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Child Centered Divorce
The caring support you need if you're a parent who's facing ... going through ... or moving on after divorce!
  - Divorce and Co-Parenting
  - Parenting Children of Divorce
  - Dating as a Divorced Parent
Created by Rosalind Sedacca, CDC
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What To Do When Your Kids Resist Divorce...

What To Do When Your Kids Resist Divorce Visitations With Dad
By Rosalind Sedacca, CCT Parenting after divorce is always challenging, especially when your children act out. One big issue is handling children if they resist visitation with their other parent. Many factors come into play. Here are some questions to ask yourself which can help you determine the source of the problem and understand the reasons why your children are resisting contact with their Dad. Are they feeling guilty or disloyal when leaving your presence? This can easily influence their feelings toward spending time with their Dad. Have they been privy to information, slurs or other comments that make them dislike their Dad? Do they hear you complain about him to family or friends? Are they being raised in an environment hostile towards Dad? Has Dad been mistreating them or disciplining them in a different way than you do? Is the contrast between you two dramatic or extreme? Are you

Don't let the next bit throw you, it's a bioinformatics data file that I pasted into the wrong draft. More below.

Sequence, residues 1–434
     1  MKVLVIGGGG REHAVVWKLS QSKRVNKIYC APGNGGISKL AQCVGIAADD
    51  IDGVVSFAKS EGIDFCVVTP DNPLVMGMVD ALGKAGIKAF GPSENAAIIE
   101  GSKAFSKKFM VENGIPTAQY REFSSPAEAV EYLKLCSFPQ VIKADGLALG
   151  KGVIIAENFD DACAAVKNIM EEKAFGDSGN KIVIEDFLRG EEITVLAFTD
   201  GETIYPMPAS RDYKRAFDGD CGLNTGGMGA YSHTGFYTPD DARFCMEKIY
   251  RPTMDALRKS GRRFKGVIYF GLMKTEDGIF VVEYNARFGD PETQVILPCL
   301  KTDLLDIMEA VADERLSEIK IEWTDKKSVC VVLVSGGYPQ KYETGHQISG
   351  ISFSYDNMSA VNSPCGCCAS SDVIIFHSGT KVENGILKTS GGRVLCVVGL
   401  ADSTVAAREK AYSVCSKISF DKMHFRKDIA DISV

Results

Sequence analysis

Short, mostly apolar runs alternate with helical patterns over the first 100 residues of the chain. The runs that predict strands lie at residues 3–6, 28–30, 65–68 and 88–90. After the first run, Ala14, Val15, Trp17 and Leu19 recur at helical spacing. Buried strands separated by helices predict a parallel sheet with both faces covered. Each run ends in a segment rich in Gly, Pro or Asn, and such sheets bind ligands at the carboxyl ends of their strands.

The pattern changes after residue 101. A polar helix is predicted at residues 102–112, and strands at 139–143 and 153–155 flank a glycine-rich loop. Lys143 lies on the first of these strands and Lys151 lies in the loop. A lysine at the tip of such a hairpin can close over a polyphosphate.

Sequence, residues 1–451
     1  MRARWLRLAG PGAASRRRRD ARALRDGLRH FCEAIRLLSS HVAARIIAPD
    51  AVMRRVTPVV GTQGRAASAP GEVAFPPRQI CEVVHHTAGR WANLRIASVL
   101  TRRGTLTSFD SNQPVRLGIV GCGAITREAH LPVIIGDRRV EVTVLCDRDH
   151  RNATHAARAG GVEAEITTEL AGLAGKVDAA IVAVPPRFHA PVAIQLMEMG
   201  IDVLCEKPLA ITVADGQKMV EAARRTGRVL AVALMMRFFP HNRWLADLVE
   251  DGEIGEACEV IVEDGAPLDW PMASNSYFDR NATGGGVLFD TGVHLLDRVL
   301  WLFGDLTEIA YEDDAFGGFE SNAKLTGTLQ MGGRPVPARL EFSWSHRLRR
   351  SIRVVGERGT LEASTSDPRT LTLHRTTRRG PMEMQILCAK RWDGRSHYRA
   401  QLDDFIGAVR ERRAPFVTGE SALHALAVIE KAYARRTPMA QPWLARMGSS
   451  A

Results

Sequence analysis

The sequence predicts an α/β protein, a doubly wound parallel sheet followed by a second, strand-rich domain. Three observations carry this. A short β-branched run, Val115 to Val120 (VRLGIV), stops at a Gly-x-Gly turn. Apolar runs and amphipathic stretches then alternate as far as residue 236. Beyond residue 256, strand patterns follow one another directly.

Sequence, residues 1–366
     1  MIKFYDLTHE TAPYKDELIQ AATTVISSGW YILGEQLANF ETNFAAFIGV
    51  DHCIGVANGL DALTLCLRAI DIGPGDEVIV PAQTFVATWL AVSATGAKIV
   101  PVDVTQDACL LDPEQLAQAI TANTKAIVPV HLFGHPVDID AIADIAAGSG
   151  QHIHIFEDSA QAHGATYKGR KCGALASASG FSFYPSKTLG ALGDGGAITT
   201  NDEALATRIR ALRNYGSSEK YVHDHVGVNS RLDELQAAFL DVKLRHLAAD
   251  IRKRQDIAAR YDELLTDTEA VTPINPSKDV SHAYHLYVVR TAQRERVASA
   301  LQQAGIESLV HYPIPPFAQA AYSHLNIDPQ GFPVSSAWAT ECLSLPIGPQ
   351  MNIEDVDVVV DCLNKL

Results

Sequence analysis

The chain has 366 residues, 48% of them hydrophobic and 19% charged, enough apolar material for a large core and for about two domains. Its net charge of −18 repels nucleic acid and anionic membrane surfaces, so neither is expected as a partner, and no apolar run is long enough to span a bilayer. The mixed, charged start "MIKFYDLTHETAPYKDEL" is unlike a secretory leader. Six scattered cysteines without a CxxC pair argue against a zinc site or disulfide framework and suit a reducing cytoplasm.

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Divorced Parents’ Dilemma: Privacy vs. S

Divorced Parents’ Dilemma: Privacy vs. Sharing About the Children
By Rosalind Sedacca, CCT What do you recommend when the other parent tells your children not to tell you what goes on in their house? Great question! You’re not alone in asking about this and it’s not an easy one to answer. After divorce most parents want to keep their private lives private and don’t want the children sharing too many details about their visit time. Asking children to “spy” on their other parent puts the kids in an awkward situation. They feel guilty, pressured and confused, especially if Mom or Dad tells them not to share specific information. This delicate subject needs to be addressed between both parents and agreed upon in advance. Children should be able to share something about activities or other innocent details regarding their time with their other parent. Asking not to say anything is unfair to the children who naturally want to talk about

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